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Understanding Transport Layer Basics – Experiential Learning Series

Exercise 6

Topic: TCP Resets

a. Repeat the exercise as carried out for UDP integrity check (Exercise 3:) but using TCP protocol. To use nc
with TCP, do not use the option ‘-u’.

b. Run the wireshark capture on client machine.

c. Do not run the nc server but just run the nc client and connecting to nc server i.e. on client terminal
“nc 10.1.1.1. 8888”.

d. The wireshark capture should show that client initiating the TCP Connection by sending the TCP SYN
packet but it should receive TCP Reset packet in response since no server is running on port 8888.

e. Repeat the TCP streaming exercise as described about (Exercise 4:).

f. Start the wireshark capture on both client and server.

g. Once the first message is received on the server and it displays the content of first message, about the
server program. Press Ctrl-C on terminal windows running TCP server program.

h. Analyze the wireshark capture of TCP communication on both server and client. It should show
transmission of TCP Reset.

i. On receipt of TCP Reset, the client socket will be closed by TCP stack on client side and any further usage
will result in about of client program as well.

Exercise 7:

Topic: UDP Server Not Running

a.Repeat the exercise as carried out for UDP integrity check (Exercise 3:) but do not run the UDP Server.

b.Run the wireshark capture on client machine.

c.Just start the UDP client using nc and send some data.

d.Analyze the wireshark capture on client. It should show ICMP Error “Port Unreachable”.

e.This exercise demonstrates UDP communication behavior when no application is running to receive the UDP message.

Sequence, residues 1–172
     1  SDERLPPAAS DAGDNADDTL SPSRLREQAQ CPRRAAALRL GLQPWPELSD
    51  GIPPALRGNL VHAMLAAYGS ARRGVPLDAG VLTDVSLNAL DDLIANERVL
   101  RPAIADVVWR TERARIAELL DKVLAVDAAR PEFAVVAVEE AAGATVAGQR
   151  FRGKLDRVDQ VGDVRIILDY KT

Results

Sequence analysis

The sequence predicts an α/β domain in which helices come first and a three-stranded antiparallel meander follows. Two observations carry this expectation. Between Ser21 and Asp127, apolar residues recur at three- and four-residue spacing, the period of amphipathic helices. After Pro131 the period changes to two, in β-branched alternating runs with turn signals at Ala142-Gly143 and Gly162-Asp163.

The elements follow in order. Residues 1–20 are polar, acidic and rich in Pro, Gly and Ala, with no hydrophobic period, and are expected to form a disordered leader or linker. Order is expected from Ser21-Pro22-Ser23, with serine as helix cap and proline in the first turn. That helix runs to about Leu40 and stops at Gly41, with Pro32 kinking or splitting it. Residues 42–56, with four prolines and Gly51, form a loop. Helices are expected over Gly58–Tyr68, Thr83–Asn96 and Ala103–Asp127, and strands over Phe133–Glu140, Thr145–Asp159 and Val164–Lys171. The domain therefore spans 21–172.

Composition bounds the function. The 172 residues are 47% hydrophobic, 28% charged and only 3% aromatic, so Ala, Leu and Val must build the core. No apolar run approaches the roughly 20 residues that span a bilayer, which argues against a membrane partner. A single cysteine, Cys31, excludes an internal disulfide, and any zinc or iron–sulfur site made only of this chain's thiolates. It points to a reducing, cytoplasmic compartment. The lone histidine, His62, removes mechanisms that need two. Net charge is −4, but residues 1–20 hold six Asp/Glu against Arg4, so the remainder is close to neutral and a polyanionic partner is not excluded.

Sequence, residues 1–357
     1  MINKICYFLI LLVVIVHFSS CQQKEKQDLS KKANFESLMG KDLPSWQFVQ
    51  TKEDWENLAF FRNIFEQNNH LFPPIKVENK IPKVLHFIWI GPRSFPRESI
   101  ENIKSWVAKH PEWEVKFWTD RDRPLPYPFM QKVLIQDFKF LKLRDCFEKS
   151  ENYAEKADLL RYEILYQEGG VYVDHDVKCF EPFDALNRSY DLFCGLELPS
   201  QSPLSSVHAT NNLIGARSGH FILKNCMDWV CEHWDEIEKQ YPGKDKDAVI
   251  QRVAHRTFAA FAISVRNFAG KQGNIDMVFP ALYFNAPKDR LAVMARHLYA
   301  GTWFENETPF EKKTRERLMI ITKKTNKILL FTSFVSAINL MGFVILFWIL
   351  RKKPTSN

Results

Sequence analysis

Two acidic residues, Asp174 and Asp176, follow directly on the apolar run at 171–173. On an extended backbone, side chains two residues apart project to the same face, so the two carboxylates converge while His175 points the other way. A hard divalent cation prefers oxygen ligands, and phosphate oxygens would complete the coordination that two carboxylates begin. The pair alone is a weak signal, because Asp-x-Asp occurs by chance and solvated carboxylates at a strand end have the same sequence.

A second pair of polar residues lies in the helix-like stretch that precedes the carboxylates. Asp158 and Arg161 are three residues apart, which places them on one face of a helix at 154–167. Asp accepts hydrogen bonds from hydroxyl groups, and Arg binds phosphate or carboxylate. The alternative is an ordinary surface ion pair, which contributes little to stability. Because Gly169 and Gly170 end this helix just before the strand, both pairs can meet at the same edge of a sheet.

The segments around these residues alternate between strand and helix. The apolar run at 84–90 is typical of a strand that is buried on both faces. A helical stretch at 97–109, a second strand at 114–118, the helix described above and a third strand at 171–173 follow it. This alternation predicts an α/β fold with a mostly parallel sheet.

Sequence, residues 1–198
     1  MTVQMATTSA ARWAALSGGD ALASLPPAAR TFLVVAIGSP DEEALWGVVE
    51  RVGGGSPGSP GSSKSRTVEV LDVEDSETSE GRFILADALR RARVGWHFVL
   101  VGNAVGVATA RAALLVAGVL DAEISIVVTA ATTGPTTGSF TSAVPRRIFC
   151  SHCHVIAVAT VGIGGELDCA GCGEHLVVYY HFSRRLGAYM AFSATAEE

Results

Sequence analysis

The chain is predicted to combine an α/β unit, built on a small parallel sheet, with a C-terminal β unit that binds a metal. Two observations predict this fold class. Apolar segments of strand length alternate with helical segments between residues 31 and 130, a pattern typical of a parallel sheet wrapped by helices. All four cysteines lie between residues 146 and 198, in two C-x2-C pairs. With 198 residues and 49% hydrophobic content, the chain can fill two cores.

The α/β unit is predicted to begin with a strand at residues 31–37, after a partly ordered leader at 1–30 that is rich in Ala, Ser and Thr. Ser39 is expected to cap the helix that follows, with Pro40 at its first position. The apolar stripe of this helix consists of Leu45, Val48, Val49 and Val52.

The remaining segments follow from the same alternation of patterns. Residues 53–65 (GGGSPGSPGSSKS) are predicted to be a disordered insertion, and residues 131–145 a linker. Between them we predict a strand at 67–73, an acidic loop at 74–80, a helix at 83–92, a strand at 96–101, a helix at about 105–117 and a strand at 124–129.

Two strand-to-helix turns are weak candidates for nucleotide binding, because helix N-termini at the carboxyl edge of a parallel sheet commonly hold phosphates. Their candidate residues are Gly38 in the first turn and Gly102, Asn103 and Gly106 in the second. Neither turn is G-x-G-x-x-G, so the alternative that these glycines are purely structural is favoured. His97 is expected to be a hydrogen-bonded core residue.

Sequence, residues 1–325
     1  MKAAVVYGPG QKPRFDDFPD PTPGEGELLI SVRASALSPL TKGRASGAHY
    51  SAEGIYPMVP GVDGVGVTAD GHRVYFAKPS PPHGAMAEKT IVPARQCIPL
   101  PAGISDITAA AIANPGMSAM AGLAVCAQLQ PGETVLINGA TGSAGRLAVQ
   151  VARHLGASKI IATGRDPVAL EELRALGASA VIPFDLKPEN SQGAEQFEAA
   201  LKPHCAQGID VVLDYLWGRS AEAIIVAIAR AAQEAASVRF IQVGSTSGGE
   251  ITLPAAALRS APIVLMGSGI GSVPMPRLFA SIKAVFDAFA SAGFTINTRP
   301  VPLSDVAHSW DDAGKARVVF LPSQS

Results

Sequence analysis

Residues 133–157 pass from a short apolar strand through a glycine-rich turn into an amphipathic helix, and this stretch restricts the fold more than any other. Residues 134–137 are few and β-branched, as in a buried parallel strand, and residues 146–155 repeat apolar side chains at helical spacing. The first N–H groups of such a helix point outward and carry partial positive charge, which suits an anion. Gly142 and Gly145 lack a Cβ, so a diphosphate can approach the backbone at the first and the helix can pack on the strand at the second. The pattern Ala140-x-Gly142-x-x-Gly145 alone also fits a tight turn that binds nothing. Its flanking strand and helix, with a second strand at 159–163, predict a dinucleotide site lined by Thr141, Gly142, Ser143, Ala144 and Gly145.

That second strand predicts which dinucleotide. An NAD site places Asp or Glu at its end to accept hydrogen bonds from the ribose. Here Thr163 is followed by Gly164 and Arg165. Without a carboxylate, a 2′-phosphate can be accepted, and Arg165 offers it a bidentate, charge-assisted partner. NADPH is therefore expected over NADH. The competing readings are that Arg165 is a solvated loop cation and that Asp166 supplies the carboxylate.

References

 
[1] RFC 793, “Transmission Control Protocol“, Information Sciences Institute, USC, CA, Sep 1981, https://tools.ietf.org/html/rfc793. Last accessed Aug 2018.

[2] RFC 768, “User Datagram Protocol”, J. Postel, Aug 1980, https://tools.ietf.org/html/rfc768, last accessed Aug 2018.

[3] RFC 791, “Internet Protocol”, Information Sciences Institute, USC, CA, Sep 1981, https://tools.ietf.org/html/rfc791, last accessed Aug 2018

[4] RFC 2616, “Hyper Text Transfer Protocol – HTTP/1.1”, Network Working Group; Fielding, Gettys et al. June 1999, https://tools.ietf.org/html/rfc2616, last accessed Aug 2018

[5] RFC 792, “Internet Control Message Protocol”, Postel, ISIS, Sep 1981; https://tools.ietf.org/html/rfc792, last accessed Aug 2018.

[6] RFC 1035, “Domain Names – Implementation and Specifications”, Mockapetris, ISI, Nov 1987; https://tools.ietf.org/html/rfc1035, last accessed Aug 2018.

[7] Netcat (nc) command utility, http://manpages.ubuntu.com/manpages/xenial/man1/nc.traditional.1.html, last accessed Aug 14, 2018.

[8] Source code and example access on github. https://github.com/rprustagi/EL-Basics-of-Transport-Layer/tree/master Last accessed on Aug 16, 2018.

[9] Wiireshark – The Network Protocol Analyzer, https://www.wireshark.org/#learnWS, Last Accessed Aug 2018.

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